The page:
Build a UX design team with 3 vital skills: design research, interaction design, and visual design.
Build a Team with All 3 Skills: Design Research, Interaction Design, Visual Design
Even top executives consistently make this mistake when sending e-mail.
Each discipline is so different from the other that companies are best served with even part-time help from a specialist in each area rather than one full-time jack of all trades.
Product Managers and Design Researchers— Partners in Strategy
Sometimes a great product strategy might not even make it to market if it is first intercepted by internal executives with their own perceptions and biases. When a product manager and design researcher form a strong partnership, they can make sure they get the organization’s buy-in by focusing on the facts rather than opinions and speculation. The “facts” are a combination of user data and market data. Market data is crucial information about customer demographics, perceptions, market demand and market opportunities. User data provides specific and actionable information on your particular end user (who may be different from the person actually purchasing the product). This information offers insight into what customers and users actually need—not just what they say they want or what the company thinks they want.
What works best is when a product manager and design researcher co-present the user and market data to all internal stakeholders along with the plan for product design and rollout, using storyboards, narratives, charts, and concept designs.
Outsourcing UX Designers
Most companies are used to interviewing potential partners – asking them to deliver a presentation and written proposal, and sometimes even responding to a formal request for proposal (RFP). This is standard practice when interviewing a software development partner, a hardware partner, or even a Marketing agency, but this process breaks down when it comes to UX Design.
The most difficult aspect of choosing a UX Design partner is figuring out who you can trust. Every UX Design firm will have a strong sales process that involves putting their best people, visuals, and designs up front. They all make very similar claims about being innovative and engaging. Some may be exaggerating – others may not. It’s hard to tell.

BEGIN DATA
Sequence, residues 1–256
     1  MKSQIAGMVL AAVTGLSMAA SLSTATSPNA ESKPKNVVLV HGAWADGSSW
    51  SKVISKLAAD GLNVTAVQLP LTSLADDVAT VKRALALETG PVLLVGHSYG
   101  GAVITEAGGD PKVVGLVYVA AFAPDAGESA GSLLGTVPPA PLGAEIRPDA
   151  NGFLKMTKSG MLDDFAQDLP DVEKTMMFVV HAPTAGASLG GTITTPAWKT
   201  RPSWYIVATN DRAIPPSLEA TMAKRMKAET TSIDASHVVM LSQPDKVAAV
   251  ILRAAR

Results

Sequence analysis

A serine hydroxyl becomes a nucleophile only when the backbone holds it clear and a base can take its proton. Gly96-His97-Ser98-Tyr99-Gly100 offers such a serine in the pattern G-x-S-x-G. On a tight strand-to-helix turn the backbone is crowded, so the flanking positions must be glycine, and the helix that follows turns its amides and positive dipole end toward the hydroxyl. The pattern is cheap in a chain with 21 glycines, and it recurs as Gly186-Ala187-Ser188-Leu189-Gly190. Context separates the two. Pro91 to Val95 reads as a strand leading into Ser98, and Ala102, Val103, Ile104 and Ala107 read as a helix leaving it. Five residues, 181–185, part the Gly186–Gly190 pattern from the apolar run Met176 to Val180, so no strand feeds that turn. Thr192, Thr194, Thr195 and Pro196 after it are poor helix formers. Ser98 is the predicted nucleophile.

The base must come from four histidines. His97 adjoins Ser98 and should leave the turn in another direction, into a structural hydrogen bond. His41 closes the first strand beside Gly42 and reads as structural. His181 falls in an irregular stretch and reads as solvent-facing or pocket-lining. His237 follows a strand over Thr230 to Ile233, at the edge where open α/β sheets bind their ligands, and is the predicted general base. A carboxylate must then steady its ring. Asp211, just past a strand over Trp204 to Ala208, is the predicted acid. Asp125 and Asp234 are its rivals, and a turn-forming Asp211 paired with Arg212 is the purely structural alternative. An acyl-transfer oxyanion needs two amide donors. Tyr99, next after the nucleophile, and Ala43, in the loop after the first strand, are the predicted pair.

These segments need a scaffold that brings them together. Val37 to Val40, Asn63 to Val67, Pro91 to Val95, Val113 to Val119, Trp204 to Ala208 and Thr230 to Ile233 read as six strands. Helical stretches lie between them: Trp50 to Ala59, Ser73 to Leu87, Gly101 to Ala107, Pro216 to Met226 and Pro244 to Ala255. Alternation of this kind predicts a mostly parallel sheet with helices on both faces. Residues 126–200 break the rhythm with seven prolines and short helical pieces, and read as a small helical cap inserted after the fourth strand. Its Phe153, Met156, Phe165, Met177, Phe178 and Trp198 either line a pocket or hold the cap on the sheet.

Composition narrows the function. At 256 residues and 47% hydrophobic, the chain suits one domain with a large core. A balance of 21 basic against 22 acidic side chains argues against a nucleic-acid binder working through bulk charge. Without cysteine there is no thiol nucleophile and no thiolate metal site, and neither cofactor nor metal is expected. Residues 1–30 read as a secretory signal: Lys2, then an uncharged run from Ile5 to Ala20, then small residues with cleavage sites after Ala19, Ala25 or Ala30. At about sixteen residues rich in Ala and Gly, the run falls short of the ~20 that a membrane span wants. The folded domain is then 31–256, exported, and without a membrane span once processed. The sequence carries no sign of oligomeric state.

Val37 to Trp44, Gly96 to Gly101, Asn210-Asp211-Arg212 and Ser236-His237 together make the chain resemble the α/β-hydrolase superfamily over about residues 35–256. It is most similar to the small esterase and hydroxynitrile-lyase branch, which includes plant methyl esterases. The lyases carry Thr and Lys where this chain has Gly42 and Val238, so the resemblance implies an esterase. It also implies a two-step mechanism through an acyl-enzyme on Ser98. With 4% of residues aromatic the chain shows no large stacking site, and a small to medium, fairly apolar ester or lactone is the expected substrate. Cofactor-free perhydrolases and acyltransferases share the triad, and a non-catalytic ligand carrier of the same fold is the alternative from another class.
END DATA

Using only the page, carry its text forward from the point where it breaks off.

Companies who follow a traditional procurement process will have a difficult time and often end up selecting the wrong partner – the one with the best sales person, or is a friend of a VP, or is simply the lowest common denominator (or vanilla) partner that no one can find a reason to vote out (not what you want in a creative field!). Partner interviews end up being an evaluation of the firms’ abilities to sell, not their ability to understand your users and design a solution that will ensure user adoption and market success. And, the presentation plus proposal RFP process provides little-to-no idea of whether the team cultures will mix – something that is extremely important in the design process.
Define your goals and your corresponding selection criteria
Why do you need help from a UX Design partner? If your answer is “because we need to add visual wow” or “because our product is so hard to use,” consider the root of the problem. Why do you need visual wow? What do you think it will bring?
Companies often pre-suppose that a workflow redesign or visual refresh is the goal when in fact the real business goals are better user adoption, increased market share, reduced helpdesk and training costs, improved support for sales and marketing, meeting customer-specific UI change requests, etc. The more precisely you articulate your business goals and reason for bringing in a UX Design partner, the easier it is to get alignment internally on the type of partner and to determine the selection criteria.
From these goals you can define vendor selection. What is most important to evaluate about the UX Design partner? Ensure that visual/creative and process/methodology elements are included.
A good UX Design vendor should be asking you upfront: “What are your business and product goals? How do you think UX Design can help? How will you select your partner?”
Interview references and avoid the old “bait-and-switch” tactics
Don’t be afraid to ask for at least three customer references. Impartial references tend to be great sources of insight on how the firm really works and how they deal with conflict and unexpected challenges like budget constraints and creative differences. You can also spot “paid” or biased references a mile away.
When meeting with potential firms, ensure that you meet the people who will work on your project from start to finish. All firms want to put their best foot forward and will use their top stars for the initial kick off meetings. However, these folks get changed out with junior staff once the project is kicked off.
The best way to find out whether there is a good cultural fit between the companies is to ask the top two contenders out on a trial run. Most UX Design engagements start with a creative workshop that involves a discussion on business goals and requirements as well as creative whiteboarding. Find out if they are open to arranging a half-day or full-day workshop to give you real insight into what working together will be like and if your respective cultures ‘fit’.
The best UX firms will embrace this opportunity, and use it to evaluate whether they think you are a cultural fit for them too.